David Leonhardt, in an "Economic Scene" analysis piece in the NYT today, talking about fears that the U.S. unemployment situation might be about to get even worse. One problem is the continued weakness of consumer spending. And then:
The second problem is that the stimulus program and the Fed's emergency programs are in the early stages of slowing down.
These programs have done tremendous good, as I've written before. The bubbles in housing and stocks over the last decade were far larger than an average bubble, and yet the resulting bust is on pace to be shorter and less severe than the typical one in the wake of a financial crisis. That's not an accident. It's a result of an incredibly aggressive response by the Fed, Congress, the Bush administration and the Obama administration.
Why do I mention this at all? Because he didn't let the current landscape of partisan argument scare him into a "sources say" approach. The most ill-informed part of the GOP/Fox criticism of stimulus spending is that unemployment is still bad, so the programs must not have done any good. It's almost embarrassing to have to point out the reply, which is: unemployment would be even worse without the intervention. (So the stronger argument would be: the stimulus should have been larger all along.) The real point is, Leonhardt wasn't cowed into saying, "sources say the programs have done tremendous good." He could just say what the facts were. Plus, he gracefully points out that both the Bush and Obama administrations were pulling the plow.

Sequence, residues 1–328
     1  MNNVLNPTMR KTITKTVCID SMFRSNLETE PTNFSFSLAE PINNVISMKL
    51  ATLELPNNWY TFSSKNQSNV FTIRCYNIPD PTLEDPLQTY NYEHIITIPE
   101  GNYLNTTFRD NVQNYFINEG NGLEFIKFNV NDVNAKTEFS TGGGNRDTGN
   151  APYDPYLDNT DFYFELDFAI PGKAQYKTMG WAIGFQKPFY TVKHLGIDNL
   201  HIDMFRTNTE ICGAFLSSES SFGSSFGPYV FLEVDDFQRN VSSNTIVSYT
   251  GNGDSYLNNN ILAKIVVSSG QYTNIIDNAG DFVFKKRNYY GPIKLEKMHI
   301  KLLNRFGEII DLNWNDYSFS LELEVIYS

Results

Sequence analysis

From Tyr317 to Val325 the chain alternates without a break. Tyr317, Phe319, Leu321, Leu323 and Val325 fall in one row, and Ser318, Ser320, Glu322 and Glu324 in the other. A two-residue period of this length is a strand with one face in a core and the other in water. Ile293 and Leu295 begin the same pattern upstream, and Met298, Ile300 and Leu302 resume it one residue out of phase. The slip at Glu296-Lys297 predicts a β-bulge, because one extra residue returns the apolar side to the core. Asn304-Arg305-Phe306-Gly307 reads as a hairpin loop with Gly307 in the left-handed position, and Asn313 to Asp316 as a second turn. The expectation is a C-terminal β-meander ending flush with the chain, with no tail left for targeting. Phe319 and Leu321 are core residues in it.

Also, just now on NPR's All Things Considered, Michele Norris's interview with Sen. Lamar Alexander about what happens next with the health-care reform bill. (Link here; audio will be there later this evening.) Alexander was manfully making the same points he did at last week's Health Summit -- the Republican "ideas" that had been added to the plan were "rear view mirrors on a car going the wrong way," passing the bill on a majority-vote reconciliation would be a historic offense against Constitutional balance etc. In each case, Norris in a polite but no-nonsense way asked him the "Yes, but what about???" questions. Didn't GW Bush get his big measures through by reconciliation? Why was it good then and bad now?
The impressive aspect, which should be standard in big-time interviews but obviously isn't, was the refusal to take a first-level talking point as the end of a discussion, and instead raising the counter-evidence. Significantly, this was not just "gotcha" counter-evidence familiar from many talk shows, the effort to smoke out some minor changes of position over time, but rather the probing of deeper holes in an argument. And, before you ask, of course politicians from every part of the spectrum should be subjected to such "Yes, but what about?" questions. This just happens to be what I heard today.